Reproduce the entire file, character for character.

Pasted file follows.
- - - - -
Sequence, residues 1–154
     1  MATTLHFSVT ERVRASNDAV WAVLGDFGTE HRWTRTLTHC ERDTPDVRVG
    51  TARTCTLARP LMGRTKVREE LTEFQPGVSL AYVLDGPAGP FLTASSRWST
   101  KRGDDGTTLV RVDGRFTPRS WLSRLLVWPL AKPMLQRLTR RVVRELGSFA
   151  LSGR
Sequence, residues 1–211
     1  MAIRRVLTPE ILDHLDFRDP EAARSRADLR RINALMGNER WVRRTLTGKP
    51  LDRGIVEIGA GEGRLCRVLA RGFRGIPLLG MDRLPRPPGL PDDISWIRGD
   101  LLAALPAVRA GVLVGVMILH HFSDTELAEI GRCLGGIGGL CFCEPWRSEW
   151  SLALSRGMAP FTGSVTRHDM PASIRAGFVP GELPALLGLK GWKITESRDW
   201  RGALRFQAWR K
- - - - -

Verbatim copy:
Sequence, residues 1–154
     1  MATTLHFSVT ERVRASNDAV WAVLGDFGTE HRWTRTLTHC ERDTPDVRVG
    51  TARTCTLARP LMGRTKVREE LTEFQPGVSL AYVLDGPAGP FLTASSRWST
   101  KRGDDGTTLV RVDGRFTPRS WLSRLLVWPL AKPMLQRLTR RVVRELGSFA
   151  LSGR
Sequence, residues 1–211
     1  MAIRRVLTPE ILDHLDFRDP EAARSRADLR RINALMGNER WVRRTLTGKP
    51  LDRGIVEIGA GEGRLCRVLA RGFRGIPLLG MDRLPRPPGL PDDISWIRGD
   101  LLAALPAVRA GVLVGVMILH HFSDTELAEI GRCLGGIGGL CFCEPWRSEW
   151  SLALSRGMAP FTGSVTRHDM PASIRAGFVP GELPALLGLK GWKITESRDW
   201  RGALRFQAWR K